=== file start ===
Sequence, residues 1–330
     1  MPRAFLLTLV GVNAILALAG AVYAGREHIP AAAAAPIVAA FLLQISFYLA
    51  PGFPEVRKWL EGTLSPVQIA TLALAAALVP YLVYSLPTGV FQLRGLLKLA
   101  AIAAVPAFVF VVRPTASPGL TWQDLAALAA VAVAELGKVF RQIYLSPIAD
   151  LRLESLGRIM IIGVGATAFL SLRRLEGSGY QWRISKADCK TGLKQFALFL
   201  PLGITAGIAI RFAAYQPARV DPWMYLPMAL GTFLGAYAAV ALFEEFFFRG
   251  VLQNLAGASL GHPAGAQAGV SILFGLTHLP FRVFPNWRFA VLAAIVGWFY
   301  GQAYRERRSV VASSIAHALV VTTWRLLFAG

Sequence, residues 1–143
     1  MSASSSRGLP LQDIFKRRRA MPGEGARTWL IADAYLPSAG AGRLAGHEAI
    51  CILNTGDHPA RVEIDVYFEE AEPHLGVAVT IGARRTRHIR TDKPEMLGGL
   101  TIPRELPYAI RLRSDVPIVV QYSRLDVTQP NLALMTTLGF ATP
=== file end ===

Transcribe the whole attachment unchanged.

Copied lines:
Sequence, residues 1–330
     1  MPRAFLLTLV GVNAILALAG AVYAGREHIP AAAAAPIVAA FLLQISFYLA
    51  PGFPEVRKWL EGTLSPVQIA TLALAAALVP YLVYSLPTGV FQLRGLLKLA
   101  AIAAVPAFVF VVRPTASPGL TWQDLAALAA VAVAELGKVF RQIYLSPIAD
   151  LRLESLGRIM IIGVGATAFL SLRRLEGSGY QWRISKADCK TGLKQFALFL
   201  PLGITAGIAI RFAAYQPARV DPWMYLPMAL GTFLGAYAAV ALFEEFFFRG
   251  VLQNLAGASL GHPAGAQAGV SILFGLTHLP FRVFPNWRFA VLAAIVGWFY
   301  GQAYRERRSV VASSIAHALV VTTWRLLFAG

Sequence, residues 1–143
     1  MSASSSRGLP LQDIFKRRRA MPGEGARTWL IADAYLPSAG AGRLAGHEAI
    51  CILNTGDHPA RVEIDVYFEE AEPHLGVAVT IGARRTRHIR TDKPEMLGGL
   101  TIPRELPYAI RLRSDVPIVV QYSRLDVTQP NLALMTTLGF ATP